Japan flooding rescue efforts ramp up as death toll hits 100

| 09.07,18. 04:36 PM |

Japan flooding rescue efforts ramp up as death toll hits 100

ABC News

Risky search and clean-up efforts are gathering momentum in south-western Japan, where flooding and landslides caused by several days of heavy rain have left at least 100 people dead and 58 more missing.

Evacuation orders are in place for nearly 2 million people and landslide warnings have been issued in many prefectures.

Some 54,000 rescuers from the military, police and fire departments have been dispatched across a wide swathe of western and south-western Japan.

In the hard-hit west, emergency services and military personnel used helicopters and boats to rescue people from swollen rivers and buildings, including a hospital.

Some residents in Hiroshima prefecture said they were caught off guard by the torrential rain, which began on Friday and worsened over the weekend.

Rivers overflowed, turning towns into lakes and leaving dozens of people stranded on rooftops.

In Hiroshima, water streamed through a residential area, strewn with fallen telephone poles, uprooted trees and mud.

Some homes were destroyed, while others were tilting precariously.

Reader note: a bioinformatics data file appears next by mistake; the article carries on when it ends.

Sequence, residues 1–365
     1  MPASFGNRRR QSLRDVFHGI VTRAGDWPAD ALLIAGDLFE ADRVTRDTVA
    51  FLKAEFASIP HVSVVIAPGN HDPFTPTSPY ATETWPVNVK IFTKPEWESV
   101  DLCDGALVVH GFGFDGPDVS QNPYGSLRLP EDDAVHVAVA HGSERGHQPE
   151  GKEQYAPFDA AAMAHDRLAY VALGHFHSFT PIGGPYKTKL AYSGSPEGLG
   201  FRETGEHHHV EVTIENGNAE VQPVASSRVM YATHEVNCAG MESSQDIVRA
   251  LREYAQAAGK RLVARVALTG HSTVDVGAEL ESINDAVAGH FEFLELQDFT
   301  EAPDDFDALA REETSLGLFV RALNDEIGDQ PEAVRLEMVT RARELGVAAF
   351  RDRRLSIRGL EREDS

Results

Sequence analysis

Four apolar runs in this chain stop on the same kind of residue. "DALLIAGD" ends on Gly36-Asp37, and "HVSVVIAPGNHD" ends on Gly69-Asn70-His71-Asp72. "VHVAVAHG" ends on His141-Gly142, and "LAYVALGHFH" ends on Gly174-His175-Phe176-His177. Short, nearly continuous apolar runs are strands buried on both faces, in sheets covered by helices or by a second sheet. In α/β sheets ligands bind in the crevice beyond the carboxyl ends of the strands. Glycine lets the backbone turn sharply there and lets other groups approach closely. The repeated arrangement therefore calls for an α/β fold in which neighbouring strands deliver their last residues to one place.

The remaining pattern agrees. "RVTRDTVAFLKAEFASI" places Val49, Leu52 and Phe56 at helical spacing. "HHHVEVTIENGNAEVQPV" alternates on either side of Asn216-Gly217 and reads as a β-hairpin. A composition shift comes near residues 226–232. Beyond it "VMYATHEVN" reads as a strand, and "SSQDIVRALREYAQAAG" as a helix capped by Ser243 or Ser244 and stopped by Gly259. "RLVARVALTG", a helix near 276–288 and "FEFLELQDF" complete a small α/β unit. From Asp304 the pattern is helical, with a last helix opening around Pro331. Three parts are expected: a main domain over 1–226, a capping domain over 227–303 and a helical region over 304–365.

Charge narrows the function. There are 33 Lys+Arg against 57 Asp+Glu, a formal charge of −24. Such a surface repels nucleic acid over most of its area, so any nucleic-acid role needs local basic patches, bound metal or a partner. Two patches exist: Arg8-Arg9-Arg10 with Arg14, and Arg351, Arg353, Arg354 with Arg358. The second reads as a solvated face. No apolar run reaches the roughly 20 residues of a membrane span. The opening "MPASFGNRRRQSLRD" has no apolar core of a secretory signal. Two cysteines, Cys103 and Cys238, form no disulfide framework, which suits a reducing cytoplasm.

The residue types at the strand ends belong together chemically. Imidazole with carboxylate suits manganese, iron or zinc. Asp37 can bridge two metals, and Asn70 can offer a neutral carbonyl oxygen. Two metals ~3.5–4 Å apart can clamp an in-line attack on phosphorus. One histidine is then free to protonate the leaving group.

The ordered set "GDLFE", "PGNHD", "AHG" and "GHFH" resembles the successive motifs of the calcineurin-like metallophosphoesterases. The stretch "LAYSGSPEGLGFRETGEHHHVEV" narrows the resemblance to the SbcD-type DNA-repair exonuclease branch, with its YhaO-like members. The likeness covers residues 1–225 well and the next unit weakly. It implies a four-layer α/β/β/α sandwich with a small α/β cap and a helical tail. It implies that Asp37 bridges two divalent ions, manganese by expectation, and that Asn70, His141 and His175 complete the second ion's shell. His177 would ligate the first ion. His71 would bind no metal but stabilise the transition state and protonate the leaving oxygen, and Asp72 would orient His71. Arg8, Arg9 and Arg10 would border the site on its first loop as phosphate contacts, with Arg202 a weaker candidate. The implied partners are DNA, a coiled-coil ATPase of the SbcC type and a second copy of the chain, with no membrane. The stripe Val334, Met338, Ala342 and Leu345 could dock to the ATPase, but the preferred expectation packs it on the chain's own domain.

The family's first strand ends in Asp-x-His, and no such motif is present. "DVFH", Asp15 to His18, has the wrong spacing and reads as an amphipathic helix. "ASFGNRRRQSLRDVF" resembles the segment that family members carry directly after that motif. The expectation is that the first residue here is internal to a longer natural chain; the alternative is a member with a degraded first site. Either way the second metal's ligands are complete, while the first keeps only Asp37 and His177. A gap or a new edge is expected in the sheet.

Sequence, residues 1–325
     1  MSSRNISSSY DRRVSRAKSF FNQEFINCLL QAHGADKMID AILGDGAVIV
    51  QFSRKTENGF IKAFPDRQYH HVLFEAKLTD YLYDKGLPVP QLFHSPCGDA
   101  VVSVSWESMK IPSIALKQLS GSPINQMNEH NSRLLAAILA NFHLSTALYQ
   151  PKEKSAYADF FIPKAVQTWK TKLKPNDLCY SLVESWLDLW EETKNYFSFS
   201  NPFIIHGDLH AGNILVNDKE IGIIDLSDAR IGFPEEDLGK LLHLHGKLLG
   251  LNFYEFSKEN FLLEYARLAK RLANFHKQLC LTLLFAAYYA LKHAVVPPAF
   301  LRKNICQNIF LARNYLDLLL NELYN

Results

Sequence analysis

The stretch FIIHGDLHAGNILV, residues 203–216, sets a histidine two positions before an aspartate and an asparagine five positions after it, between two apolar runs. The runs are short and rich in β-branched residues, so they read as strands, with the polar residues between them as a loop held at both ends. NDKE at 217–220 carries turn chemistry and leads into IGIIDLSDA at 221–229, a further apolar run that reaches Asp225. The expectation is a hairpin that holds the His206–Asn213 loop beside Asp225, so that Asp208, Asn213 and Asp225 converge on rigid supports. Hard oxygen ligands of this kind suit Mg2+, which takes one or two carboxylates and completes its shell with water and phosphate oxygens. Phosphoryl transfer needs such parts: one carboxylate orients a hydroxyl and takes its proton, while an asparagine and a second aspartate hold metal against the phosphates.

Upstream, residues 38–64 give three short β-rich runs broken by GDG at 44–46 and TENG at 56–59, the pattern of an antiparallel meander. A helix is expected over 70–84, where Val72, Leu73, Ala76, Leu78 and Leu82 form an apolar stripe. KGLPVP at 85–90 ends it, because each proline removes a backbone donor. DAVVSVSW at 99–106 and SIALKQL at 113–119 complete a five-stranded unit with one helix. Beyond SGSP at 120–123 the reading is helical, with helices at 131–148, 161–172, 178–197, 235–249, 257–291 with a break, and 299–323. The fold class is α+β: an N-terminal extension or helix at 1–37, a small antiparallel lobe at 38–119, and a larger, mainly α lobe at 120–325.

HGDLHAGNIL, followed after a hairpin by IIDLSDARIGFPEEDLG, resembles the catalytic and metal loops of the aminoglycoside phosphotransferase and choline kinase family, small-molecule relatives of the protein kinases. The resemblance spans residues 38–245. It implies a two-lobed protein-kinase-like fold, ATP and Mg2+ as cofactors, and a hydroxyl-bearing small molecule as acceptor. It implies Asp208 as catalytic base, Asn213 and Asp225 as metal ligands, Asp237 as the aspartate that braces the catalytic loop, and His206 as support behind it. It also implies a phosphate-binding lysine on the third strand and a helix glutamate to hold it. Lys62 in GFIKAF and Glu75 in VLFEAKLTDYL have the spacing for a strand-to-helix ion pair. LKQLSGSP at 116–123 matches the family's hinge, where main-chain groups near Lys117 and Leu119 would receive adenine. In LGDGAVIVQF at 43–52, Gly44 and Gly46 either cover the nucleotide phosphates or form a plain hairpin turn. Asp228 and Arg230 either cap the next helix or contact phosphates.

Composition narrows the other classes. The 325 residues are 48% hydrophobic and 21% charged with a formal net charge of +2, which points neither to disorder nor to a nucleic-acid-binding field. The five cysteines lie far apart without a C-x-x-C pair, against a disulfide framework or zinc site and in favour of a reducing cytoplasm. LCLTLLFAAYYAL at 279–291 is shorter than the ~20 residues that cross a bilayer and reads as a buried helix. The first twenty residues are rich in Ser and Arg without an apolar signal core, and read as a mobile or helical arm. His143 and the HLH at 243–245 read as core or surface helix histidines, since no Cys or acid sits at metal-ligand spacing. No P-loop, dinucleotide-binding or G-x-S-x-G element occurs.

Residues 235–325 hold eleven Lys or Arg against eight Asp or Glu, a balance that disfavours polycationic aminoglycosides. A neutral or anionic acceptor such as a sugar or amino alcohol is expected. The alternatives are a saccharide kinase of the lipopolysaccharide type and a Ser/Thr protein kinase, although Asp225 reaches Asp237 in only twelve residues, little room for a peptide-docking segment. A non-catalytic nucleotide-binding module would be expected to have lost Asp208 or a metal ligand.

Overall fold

"It gives me a chill thinking what could have happened," said Eiko Yamane.

"Hiroshima prefecture is normally blessed with mild weather and has few natural disasters so people here have never experienced a situation like this.

"I guess they're in a panic."

Counting the casualties has been difficult because of the large size of the area affected by the rainfall, flooding and landslides.

The Japanese Government said 100 people were dead or presumed dead, while Japanese public broadcaster NHK reported floodwaters had forced several million people from their homes.

Another 58 people were missing, NHK said, with more rain set to hit some areas for at least another day.

Authorities fear the toll will continue to rise as rescuers reach difficult-to-access areas.

"There are still many people missing and others in need of help, we are working against time," Prime Minister Shinzo Abe told reporters.

"The rescue teams are doing their utmost."

The Japan Meteorological Agency (JMA) said one area in Kochi prefecture had recorded 263mm of rain in three hours, the highest since such records started in 1976.

"This is a situation of extreme danger," an official at the JMA told a news conference.

Kochi prefecture, on Shikoku, issued landslide warnings across nearly the entire island.

The Japanese Government set up an emergency office over the weekend, designed for crises such as major earthquakes.


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